Two new studies out within the last month have found that a healthy diet may play a role in the prevention of pancreatic cancer.
Researchers with the Division of Cancer Epidemiology and Genetics at the National Institutes of Health calculated scores for over 500,000 participants in the NIH-AARP Diet and Health Study. Based on their responses to food frequency questionnaires, those who consumed a diet most consistent with the 2005 Dietary Guidelines for Americans had a lower risk of pancreatic cancer.
These key recommendations include:
• Adequate nutrients within calorie needs – consuming a variety of nutrient-dense foods within and among the basic food groups while choosing foods that limit intake of saturated and trans fats, cholesterol, added sugars, salt and alcohol.
• Weight Management – maintain body weight within a healthy range; balance calories from foods with calories expended.
• Physical Activity – engage in regular physical activity and reduce sedentary activities to promote health, psychological well-being, and a healthy body weight.
• Food groups to encourage – a variety of fruits and vegetables, consuming at least 2 cups of fruit and 2 ½ cups of vegetables per day. Consume 3 or more servings of whole-grain products. Consume 3 cups per day of fat-free or low-fat milk or milk equivalents.
• Fats – keep total intake of fat between 20 to 35 % of calories. Consume less than 10% of calories from saturated fatty acids and less than 300 mg/day cholesterol. Keep trans fats as low as possible.
• Carbohydrates – choose fiber-rich fruits, vegetables and whole grains often. Limit consumption of added sugars.
• Sodium and Potassium – consume less than 2,300 mg of sodium per day. Consume potassium-rich foods.
• Alcoholic beverages – those who choose to drink alcoholic beverages should do so sensibly and in moderation (up to 1 drink per day for women and 2 for men)
One group of foods that stand out among the best in preventing pancreatic cancer are those that contain apigenin and luteolin, flavonoids that kill pancreatic cancer cells in laboratory experiments. These foods include celery, artichokes and herbs, especially Mexican oregano.
Apigenin inhibits an enzyme called glycogen synthase kinase-3β (GSK-3β), which led to a decreases in the production of anti-apoptotic genes in the pancreatic cancer cells. Apoptosis means that the cancer cell self-destructs because its DNA has been damaged.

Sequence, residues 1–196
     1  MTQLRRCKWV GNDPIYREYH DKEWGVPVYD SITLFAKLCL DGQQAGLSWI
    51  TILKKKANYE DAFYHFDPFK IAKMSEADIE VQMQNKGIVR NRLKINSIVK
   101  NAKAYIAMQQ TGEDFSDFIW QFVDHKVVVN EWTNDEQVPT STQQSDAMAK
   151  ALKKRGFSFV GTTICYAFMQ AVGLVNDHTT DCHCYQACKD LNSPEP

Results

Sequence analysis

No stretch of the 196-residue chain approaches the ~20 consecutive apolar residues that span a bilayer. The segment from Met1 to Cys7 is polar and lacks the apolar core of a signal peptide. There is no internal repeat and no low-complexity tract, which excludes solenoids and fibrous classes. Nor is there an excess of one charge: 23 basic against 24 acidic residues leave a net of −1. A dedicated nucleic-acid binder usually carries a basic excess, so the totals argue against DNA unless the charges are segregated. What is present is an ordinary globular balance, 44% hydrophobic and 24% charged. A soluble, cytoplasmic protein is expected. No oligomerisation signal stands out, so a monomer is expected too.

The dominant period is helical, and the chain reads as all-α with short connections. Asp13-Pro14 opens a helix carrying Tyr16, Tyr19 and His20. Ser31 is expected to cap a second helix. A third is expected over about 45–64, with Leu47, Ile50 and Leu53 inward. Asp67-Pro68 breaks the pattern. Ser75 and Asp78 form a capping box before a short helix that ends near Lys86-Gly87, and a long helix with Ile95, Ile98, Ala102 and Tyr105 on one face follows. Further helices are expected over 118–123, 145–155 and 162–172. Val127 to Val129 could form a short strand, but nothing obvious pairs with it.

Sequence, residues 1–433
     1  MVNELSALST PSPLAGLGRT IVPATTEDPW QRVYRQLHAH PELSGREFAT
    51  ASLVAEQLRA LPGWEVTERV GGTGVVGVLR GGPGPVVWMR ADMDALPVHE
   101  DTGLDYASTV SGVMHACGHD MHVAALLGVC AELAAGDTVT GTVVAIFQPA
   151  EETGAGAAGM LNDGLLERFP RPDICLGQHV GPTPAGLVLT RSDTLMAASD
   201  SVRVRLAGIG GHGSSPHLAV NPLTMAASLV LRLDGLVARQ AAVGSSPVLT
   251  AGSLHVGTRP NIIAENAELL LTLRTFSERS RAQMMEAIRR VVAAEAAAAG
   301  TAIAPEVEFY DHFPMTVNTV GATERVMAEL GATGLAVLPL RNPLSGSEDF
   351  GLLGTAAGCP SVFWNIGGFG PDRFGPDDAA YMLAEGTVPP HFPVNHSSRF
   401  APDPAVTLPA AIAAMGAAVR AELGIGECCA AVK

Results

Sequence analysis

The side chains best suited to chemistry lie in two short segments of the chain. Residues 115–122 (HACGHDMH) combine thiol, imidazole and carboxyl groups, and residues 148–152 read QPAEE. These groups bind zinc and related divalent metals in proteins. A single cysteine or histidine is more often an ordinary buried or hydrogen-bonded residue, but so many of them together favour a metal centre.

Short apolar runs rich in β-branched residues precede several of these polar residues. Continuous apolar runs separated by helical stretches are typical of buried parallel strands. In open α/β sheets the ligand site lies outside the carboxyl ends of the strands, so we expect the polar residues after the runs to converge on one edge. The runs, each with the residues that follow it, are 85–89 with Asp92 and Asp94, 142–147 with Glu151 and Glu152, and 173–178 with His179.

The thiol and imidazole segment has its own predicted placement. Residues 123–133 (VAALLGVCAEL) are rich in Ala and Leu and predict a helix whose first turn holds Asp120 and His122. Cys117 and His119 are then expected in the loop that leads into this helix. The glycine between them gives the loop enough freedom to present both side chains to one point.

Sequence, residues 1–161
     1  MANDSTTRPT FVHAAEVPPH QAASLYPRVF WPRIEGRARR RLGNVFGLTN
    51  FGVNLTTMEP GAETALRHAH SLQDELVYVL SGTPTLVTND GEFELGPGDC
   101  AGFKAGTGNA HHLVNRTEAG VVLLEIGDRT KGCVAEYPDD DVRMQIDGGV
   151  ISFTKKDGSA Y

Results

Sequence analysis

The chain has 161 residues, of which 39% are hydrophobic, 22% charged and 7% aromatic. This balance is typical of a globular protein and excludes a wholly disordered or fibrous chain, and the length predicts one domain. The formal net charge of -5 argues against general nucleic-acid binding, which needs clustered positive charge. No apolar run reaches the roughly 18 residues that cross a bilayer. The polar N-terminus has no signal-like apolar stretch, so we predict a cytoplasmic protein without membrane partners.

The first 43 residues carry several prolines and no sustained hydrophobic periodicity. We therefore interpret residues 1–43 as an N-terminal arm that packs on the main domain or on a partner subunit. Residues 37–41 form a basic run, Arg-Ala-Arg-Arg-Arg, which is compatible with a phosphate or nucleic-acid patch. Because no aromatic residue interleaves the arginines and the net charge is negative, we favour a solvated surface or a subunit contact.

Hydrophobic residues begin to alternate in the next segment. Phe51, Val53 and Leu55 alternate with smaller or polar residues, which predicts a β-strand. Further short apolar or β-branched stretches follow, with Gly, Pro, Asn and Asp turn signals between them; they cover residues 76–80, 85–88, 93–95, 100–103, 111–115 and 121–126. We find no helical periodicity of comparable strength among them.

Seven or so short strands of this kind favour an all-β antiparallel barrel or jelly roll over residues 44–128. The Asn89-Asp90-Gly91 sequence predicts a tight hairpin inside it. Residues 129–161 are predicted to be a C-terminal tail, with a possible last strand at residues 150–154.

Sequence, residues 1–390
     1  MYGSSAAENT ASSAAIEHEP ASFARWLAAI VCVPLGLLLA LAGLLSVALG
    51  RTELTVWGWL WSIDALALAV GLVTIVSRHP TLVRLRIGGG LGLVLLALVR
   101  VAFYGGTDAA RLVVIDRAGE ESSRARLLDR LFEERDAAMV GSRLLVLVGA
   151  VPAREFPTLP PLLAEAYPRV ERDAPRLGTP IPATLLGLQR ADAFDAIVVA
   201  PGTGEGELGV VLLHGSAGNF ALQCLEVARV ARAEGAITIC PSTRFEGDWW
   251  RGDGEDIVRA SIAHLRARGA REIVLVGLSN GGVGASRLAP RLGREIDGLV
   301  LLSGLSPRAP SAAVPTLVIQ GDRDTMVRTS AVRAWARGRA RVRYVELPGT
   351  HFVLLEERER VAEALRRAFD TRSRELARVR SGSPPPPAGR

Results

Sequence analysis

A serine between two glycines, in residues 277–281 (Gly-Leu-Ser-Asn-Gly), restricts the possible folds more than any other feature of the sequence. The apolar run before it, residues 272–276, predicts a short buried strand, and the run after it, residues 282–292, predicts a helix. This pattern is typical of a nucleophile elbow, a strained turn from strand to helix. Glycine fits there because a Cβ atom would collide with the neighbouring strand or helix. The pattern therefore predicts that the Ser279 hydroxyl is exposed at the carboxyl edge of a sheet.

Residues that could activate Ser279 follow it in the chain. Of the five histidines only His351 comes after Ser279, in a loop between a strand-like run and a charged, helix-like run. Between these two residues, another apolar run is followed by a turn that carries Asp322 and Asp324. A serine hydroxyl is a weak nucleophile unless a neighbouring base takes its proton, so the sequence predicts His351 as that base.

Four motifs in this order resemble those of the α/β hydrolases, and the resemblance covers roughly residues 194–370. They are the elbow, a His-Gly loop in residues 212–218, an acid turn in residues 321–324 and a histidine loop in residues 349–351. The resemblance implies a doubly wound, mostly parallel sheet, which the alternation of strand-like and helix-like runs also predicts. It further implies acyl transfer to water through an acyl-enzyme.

"Apigenin alone induced cell death in two aggressive human pancreatic cancer cell lines. But we received the best results when we pre-treated cancer cells with apigenin for 24 hours, then applied the chemotherapeutic drug gemcitabine for 36 hours," said Elvira de Mejia, a University of Illinois professor of food chemistry and food toxicology.
Pancreatic cancer is a very aggressive cancer, and the fourth leading cause of cancer-related deaths. Unfortunately, there is a low five-year survival rate (only 6%) because there are few early symptoms, meaning that the disease is often not found before it has spread.
Ultimately the goal is to develop a cure, but prolonging the lives of patients would be a significant development, adds Jodee Johnson, a doctoral student working on the study.
R. Ballard-Barbash, S. M. Krebs-Smith, M. L. Neuhouser.Potential to Link Dietary Patterns in the Food Supply and Populations to Health. JNCI Journal of the National Cancer Institute, 2013; DOI: 10.1093/jnci/djt220
Jodee L. Johnson, Elvira Gonzalez de Mejia. Interactions between dietary flavonoids apigenin or luteolin and chemotherapeutic drugs to potentiate anti-proliferative effect on human pancreatic cancer cells, in vitro. Food and Chemical Toxicology, 2013; 60: 83 DOI:10.1016/j.fct.2013.07.036
Jodee L. Johnson, Elvira Gonzalez de Mejia. Flavonoid apigenin modified gene expression associated with inflammation and cancer and induced apoptosis in human pancreatic cancer cells through inhibition of GSK-3β/NF-κB signaling cascade. Molecular Nutrition & Food Research, 2013; DOI: 10.1002/mnfr.201300307